Slug Generation

High level explanation of how slug generation works on

Slug Generation

This article has been written to celebrate reaching one thousand users and explain the changes in URL generation released in v1.3.0-alpha

First - let's clarify the term. The part of the URL that is used to uniquely identify a resource is referred to as a slug in web development. I do apologize if you were looking for articles related to mollusc.

There are many strategies in regards to slug generation - most try to optimize for ranking on search engines. The primary goal of the slug generation on KallaX has been creating short URLs that appear non-predictable.

One common strategy for creating short slugs is generating a random string and checking if it has already been used. This requires storing the slugs somewhere (often a database) and doing a look-up after each generation, if it has already been used before generate a new one and try again. The problem with this method is that the chance for collision radically increases as the database starts getting populated. This is often mitigated by increasing the slug length after a fixed number of tries to prevent the algorithm from deadlocking.

The solution we choose on KallaX is based on integer encoding (heavily inspired by hashids) with a custom alphabet. The Indo-Arabic numeral system or what most people would refer to as the regular numbers - are based on the alphabet 0,1,2,3,4,5,6,7,8 and 9.

Hexadecimal numbers expand this alphabet to 16 characters (0-9 + A-F). This means the first 10 numbers are represented in the same way. However, the number 10 is represented as A in hexadecimal. This representation requires significantly fewer characters e.g. 42000 = A410.

One can easily create a new numeral system by choosing another alphabet for the numeral system - and then you have your own little custom solution for predictable slug generation. Such an alphabet (0-9,a-z,A-Z) would produce;
0,1,2,3,4 ... a,b,c ... Z, Z0, Z1, Z2, Z3 ... ZZ

The problem is these slugs will look very predictable - which might be fine for your solution but we are trying to obscure this fact. We could shuffle our alphabet - which would make it a bit harder to figure out what is going on but you would ultimately still end up with very similar-looking slugs.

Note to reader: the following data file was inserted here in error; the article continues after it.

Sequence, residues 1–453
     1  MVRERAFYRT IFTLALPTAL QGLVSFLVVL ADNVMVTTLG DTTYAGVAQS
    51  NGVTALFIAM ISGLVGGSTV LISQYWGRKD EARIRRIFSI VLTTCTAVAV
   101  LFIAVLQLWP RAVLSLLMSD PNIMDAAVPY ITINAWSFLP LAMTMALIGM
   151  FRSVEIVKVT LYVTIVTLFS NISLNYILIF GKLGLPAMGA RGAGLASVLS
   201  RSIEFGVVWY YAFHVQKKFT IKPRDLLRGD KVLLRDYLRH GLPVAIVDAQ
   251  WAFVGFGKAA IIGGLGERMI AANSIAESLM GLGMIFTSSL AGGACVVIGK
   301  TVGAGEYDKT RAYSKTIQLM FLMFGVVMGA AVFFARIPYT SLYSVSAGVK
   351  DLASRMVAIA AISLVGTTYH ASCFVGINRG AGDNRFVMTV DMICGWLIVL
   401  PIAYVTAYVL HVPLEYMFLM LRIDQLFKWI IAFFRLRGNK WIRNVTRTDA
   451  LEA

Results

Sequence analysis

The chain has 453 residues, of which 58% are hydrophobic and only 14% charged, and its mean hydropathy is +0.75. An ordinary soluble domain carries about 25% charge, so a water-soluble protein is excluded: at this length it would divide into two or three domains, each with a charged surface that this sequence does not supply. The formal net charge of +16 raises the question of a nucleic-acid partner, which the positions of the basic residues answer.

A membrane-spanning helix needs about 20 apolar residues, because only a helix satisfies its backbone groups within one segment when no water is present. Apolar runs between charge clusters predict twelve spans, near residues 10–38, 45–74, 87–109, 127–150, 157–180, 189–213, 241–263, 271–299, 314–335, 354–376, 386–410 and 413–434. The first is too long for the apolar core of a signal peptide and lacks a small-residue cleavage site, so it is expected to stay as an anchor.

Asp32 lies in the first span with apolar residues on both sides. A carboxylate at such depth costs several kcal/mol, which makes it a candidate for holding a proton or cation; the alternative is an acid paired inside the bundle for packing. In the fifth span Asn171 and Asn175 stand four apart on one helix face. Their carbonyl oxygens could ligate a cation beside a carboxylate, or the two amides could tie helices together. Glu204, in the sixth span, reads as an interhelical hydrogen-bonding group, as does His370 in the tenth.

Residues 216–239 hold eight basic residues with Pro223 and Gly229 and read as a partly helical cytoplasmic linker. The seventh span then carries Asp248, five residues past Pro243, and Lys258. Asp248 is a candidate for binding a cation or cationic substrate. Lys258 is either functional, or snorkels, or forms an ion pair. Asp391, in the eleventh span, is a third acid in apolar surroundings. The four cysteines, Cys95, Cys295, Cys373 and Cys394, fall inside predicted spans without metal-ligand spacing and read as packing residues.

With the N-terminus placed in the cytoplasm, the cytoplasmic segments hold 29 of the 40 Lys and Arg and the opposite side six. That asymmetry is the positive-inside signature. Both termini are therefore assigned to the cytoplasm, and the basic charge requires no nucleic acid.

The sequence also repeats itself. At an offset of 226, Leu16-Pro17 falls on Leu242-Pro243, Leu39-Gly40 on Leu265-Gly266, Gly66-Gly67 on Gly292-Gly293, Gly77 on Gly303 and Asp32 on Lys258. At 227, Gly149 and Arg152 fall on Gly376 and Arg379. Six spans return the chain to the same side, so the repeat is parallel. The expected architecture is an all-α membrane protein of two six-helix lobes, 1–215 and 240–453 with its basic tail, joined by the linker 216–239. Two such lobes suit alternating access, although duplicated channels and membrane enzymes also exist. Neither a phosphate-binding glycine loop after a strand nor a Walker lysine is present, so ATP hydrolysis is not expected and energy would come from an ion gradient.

To pseudo randomize even more we pick one character based on the key we are trying to encode - and then use this single character to shuffle our alphabet. Our slugs are now using as many different alphabets as we have characters in our alphabet! That makes them look very unpredictable!

... but how do we figure out which alphabet to use? We simply append the character we choose to the message. This way we can re-create the alphabet used to encode when we are trying to decode the slug.

As the last step, we add padding to ensure the slugs are always of a minimum length, just to look pretty. This is done by selecting characters that are not part of our alphabet and using them to indicate where our slug starts. Imagine the letter E is NOT part of our alphabet. To make the slug JF a minimum of 5 characters long we simply prepend the character E and then random characters that will not be considered part of the slug when decoding. Selecting these random characters is easier as we do not care about reversing the process.

JFEQA <= Everything after E does not matter when decoding.

The result is slugs that appear random but are fully deterministic and can be generated on the fly based on our internal integer ids. They can encode large numbers in relatively short strings - which makes them perfect for shareable URLs. All the slugs in the image (except the highlighted one) are all in order and represent numbers between 0 and 100.

Anywho, this was a really - really complicated way to say that we have updated the alphabet used in slug generation to only include upper case characters and this means your profile slug is now different - sorry 🤷

Please do not feel obligated to tip!
We have been asked a few times if we accept donations and we are very flattered! The hosting cost is currently very manageable and we have no issue paying it out of our own pockets. This is our hobby project - hobbies are allowed to cost money. However, after some consideration, we decided to accept donations from those who might feel like it. Donations will solely be used to cover hosting costs and potentially allow us to upscale services to accommodate user growth in the future.